To use this css code for the HTML TEXTAREA, we employ the class attribute and set it’s value to the style rule name. The HTML code for TEXTAREA looks like:

<textarea class="ta" rows="4" cols="50">... </textarea>

The values for cols and rows attributes can change depending on your requirements; but it’s the class attribute and its value that are important for this discussion. Note that we set the value of this attribute to the style rule name and we don’t include the period.
This css rule can be embedded in the HTML page in <style> tags or can be placed in an external .css file.

Here is an interesting observation: Taking the above example, let us see what happens if we don’t specify a style rule for a textarea scrollbars.
Click here to see this page.
So, eventhough there is no style rule attached to the HTML textarea element, it still has pink colored scrollbars because it inherits this from the CSS html selector which is also responsible for coloring the scrollbar of the web page.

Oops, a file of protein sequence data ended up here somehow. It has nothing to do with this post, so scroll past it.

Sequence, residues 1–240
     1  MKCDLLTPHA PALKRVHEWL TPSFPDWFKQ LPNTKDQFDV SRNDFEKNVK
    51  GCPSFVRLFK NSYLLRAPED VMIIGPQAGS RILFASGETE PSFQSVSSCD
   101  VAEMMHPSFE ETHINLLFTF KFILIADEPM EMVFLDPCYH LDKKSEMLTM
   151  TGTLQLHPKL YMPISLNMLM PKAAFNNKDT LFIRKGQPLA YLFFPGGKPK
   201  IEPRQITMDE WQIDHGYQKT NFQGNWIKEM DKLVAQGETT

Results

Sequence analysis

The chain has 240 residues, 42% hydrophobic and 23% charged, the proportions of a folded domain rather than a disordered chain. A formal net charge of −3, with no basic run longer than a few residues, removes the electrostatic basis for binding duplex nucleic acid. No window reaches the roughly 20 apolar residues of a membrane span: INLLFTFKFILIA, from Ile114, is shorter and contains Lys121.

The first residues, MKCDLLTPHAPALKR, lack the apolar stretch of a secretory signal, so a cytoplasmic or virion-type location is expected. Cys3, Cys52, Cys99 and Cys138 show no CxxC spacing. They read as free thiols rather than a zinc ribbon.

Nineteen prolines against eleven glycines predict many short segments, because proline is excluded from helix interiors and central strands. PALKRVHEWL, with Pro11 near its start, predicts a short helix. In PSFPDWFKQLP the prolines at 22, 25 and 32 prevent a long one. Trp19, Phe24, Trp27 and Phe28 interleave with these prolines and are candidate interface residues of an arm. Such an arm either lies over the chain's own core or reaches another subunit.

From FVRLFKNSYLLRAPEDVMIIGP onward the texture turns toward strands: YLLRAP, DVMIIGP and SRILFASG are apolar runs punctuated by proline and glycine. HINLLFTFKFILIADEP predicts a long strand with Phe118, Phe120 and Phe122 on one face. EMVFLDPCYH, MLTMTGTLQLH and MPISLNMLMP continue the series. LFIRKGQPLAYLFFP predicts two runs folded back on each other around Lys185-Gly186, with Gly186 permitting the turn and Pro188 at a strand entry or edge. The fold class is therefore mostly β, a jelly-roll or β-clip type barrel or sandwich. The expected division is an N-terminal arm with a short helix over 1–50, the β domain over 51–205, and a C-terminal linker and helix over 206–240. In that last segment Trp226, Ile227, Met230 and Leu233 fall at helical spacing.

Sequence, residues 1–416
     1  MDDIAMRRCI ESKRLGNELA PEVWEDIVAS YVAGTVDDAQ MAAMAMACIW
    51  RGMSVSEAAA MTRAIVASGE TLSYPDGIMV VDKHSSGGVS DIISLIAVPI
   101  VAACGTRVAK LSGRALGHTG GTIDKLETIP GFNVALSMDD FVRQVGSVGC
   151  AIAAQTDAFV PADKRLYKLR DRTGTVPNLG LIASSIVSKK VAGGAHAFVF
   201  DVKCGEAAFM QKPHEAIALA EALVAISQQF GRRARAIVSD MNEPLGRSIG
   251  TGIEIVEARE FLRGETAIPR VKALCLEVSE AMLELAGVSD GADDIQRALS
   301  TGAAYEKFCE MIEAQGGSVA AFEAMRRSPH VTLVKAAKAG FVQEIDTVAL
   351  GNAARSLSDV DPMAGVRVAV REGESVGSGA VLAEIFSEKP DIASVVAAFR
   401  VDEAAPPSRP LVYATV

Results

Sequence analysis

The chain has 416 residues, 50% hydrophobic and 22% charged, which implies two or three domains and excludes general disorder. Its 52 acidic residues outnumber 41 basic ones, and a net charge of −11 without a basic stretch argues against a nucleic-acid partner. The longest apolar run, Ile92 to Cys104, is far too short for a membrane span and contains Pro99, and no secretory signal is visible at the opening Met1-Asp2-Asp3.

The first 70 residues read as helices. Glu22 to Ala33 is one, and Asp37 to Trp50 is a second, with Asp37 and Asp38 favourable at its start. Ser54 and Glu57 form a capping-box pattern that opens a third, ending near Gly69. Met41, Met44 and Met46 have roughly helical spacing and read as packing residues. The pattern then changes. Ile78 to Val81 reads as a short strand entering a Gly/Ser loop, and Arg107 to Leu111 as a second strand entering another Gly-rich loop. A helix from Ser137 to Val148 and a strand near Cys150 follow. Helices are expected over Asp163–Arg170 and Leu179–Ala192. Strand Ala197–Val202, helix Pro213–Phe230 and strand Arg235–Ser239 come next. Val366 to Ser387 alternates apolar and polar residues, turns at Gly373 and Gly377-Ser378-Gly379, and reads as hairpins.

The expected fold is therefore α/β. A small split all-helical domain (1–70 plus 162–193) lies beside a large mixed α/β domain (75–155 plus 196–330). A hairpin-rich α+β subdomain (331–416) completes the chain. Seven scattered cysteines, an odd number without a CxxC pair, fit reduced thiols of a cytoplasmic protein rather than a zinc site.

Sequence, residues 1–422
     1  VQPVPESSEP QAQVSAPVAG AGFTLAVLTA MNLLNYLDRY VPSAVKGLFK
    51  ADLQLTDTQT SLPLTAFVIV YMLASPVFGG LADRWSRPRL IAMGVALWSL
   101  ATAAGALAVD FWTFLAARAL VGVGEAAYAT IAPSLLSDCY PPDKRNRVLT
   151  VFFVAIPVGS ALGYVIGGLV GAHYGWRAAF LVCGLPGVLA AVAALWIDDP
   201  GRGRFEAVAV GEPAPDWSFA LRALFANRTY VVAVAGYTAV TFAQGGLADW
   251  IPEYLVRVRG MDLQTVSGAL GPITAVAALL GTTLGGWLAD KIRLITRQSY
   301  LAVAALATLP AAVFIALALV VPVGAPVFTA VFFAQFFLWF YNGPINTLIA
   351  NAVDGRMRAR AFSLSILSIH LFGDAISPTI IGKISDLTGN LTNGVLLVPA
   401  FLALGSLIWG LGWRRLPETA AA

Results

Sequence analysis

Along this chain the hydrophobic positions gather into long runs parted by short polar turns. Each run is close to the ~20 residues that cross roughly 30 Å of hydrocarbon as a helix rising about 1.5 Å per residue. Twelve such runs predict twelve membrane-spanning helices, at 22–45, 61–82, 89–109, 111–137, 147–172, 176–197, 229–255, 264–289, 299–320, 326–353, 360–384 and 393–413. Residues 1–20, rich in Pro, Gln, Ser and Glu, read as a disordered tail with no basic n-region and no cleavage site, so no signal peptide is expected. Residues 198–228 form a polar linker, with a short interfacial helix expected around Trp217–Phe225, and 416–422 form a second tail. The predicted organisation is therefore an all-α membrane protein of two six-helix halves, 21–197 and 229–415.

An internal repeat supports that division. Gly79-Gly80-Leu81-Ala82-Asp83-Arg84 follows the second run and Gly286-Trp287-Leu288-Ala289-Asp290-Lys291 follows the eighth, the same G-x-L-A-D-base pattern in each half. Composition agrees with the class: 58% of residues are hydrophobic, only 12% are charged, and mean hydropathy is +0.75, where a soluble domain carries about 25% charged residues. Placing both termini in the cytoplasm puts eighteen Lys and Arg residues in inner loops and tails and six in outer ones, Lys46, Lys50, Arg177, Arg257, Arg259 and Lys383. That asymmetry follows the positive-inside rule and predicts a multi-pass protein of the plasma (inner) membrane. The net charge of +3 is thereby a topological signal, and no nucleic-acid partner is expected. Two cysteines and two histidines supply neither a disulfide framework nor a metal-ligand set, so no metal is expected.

Wasn’t that simple? I hope with the several examples, you have got to know a little of style sheets if this was your first encounter with them.

Since we are discussing style sheets, I will let you in on another property – background-color. This CSS property lets you add a background color to different HTML elements including web pages as a whole, form input elements, table cells etc. To add a background color to the textarea element that had the light green scrollbar (see above), we simply extend the style sheet rule to include this property.

.ta {scrollbar-base-color: #D2E89E; background-color: #EDF6D4;}

We have now added a lighter green color as the background for the textarea element. You can check how it looks – TEXTAREA with a background color and green scrollbars.